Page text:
Feb. 27th, 2006

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John Marshall's obituary of the late great Octavia Butler merits reading.

Her father was a shoeshine man who died when she was a child, her mother was a maid who brought her along on jobs, yet Octavia Butler rose from these humble beginnings to become one of the country's leading writers - a female African American pioneer in the white, male domain of science fiction.

Butler, 58, died after falling and striking her head Friday on a walkway outside her home in Lake Forest Park. The reclusive writer, who moved to Seattle in 1999 from her native Southern California, was a giant in stature (she was 6 feet tall by age 15) and in accomplishment.

She remains the only science fiction writer to receive one of the vaunted "genius grants" from the John D. and Catherine T. MacArthur Foundation, a hard-earned $295,000 windfall in 1995 that followed years of poverty and personal struggles with shyness and self-doubt.
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Inspired by The Victorian Internet, last night I made a post on soc.history.what-if wondering what could be done with a collection of difference engines linked via telegraph. While taxes and finances generally might benefit, it seems that cryptography could have taken off spectacularly in this kind of computer-rich environment.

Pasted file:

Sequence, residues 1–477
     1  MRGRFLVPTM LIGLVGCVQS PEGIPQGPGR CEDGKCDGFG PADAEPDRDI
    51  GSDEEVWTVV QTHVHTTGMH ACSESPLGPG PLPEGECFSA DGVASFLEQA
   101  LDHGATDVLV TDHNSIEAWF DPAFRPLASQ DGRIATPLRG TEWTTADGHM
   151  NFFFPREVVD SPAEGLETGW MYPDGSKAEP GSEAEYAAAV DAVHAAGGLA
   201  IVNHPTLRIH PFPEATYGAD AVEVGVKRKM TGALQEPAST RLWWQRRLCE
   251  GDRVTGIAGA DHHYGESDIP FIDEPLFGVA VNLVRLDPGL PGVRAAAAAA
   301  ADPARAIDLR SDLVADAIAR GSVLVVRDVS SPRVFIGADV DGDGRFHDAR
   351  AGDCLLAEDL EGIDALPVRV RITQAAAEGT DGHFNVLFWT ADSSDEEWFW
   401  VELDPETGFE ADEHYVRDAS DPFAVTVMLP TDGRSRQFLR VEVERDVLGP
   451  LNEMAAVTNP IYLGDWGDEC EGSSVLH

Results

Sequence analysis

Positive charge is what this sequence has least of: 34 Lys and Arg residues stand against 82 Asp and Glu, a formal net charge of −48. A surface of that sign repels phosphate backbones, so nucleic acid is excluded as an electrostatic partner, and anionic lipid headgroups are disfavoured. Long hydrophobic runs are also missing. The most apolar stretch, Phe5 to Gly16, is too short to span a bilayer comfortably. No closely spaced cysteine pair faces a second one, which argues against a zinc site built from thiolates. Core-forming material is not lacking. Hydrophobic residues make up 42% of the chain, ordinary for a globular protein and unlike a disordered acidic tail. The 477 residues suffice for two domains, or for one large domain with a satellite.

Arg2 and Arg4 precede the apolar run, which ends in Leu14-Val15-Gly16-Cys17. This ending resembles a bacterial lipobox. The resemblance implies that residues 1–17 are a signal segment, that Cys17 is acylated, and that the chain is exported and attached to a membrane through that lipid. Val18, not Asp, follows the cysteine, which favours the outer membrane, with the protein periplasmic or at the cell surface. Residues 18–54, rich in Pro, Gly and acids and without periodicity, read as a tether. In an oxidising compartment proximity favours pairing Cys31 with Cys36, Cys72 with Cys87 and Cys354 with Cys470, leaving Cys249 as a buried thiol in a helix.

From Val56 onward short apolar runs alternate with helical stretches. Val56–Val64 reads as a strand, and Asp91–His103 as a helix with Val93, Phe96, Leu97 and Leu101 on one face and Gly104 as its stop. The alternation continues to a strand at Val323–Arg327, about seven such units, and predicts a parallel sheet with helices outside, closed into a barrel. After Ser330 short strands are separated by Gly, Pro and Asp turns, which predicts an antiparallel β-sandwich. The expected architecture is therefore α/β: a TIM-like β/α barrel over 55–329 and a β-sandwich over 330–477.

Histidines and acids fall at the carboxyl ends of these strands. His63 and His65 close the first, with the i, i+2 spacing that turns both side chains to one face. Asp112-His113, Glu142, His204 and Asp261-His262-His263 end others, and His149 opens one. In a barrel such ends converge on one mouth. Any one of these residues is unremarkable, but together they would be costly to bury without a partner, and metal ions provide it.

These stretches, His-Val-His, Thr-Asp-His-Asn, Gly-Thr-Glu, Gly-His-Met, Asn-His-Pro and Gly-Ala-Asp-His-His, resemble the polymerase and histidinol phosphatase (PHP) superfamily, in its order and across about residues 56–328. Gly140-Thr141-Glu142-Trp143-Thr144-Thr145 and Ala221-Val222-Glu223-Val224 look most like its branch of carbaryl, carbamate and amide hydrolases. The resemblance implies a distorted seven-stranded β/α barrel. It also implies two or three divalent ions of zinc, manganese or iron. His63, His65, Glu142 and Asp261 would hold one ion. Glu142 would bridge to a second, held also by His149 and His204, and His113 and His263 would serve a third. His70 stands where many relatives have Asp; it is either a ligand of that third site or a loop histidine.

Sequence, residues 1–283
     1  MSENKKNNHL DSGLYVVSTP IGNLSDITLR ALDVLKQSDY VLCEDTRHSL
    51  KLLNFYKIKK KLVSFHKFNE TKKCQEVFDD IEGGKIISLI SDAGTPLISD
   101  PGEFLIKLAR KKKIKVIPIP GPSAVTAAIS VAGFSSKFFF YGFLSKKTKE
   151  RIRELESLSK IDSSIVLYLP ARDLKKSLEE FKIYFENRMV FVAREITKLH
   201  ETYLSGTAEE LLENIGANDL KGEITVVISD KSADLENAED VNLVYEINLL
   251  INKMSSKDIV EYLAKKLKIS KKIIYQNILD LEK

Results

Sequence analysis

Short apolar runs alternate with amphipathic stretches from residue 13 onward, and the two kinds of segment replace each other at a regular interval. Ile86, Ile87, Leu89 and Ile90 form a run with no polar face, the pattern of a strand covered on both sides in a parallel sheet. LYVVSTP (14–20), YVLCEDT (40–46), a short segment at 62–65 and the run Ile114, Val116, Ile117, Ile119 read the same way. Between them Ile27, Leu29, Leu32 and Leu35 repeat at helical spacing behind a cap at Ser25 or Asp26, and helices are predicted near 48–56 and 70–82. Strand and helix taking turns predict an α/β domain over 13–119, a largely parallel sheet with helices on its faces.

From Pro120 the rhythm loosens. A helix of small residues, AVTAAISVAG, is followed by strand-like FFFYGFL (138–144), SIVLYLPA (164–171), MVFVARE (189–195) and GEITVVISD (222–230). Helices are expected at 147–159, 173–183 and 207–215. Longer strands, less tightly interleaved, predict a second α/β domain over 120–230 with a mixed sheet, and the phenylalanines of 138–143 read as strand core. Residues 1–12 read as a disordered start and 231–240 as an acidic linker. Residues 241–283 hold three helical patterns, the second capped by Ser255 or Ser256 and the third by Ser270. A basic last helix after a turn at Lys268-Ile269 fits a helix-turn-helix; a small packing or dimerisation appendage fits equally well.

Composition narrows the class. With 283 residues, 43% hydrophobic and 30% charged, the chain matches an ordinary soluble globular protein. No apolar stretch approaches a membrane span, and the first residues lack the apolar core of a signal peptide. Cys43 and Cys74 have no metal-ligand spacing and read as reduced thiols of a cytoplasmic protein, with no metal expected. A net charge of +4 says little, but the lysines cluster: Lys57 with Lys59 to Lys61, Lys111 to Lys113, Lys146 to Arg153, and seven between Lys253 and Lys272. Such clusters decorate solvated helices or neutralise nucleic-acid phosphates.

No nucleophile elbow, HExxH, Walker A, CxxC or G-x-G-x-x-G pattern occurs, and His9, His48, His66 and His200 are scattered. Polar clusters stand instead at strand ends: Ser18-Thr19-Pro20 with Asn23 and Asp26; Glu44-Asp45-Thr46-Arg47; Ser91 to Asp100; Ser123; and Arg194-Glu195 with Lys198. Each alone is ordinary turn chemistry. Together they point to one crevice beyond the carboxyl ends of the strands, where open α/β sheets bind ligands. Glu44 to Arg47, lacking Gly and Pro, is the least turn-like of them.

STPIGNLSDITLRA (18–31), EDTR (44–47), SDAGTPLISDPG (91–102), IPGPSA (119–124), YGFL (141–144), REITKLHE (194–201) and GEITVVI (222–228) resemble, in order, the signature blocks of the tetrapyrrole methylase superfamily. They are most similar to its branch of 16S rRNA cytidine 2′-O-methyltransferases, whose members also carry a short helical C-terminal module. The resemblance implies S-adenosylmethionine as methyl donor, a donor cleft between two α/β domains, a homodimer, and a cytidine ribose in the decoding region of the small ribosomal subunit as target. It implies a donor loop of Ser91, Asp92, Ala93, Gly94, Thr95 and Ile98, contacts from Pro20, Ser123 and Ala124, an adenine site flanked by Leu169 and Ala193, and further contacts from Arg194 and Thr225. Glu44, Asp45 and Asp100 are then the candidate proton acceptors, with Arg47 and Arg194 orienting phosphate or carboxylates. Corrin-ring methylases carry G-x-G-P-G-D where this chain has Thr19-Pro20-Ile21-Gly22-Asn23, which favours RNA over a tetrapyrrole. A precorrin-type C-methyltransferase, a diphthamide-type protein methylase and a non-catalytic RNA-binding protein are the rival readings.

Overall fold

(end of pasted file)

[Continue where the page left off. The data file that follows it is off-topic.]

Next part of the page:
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I'd like to encourage you to visit Scott Muller's fundraising page for the Hike For Discovery. This fund-raising project of The Leukemia & Lymphoma Society, a hike along the Grand Canyon, plays a critical role in funding medical research into blood cancers like leukemia and lymphoma. Donating to this fund is a good and wise idea indeed.
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I've been listening to Bob Dylan intermittantly over the past two weeks, and I've realized that I really don't like him. There's the nasal voice, there's the opaque lyrics, there's the unimaginative guitar accompaniment.

What do people see in him? I'm honestly quite curious.
rfmcdonald: (Default)
I might not like Bob Dylan. I do find myself enjoying Kim Wilde's 1986 cover version of "You Keep Me Hangin' On", though.

Eh. Blame it on childhood nostalgia.
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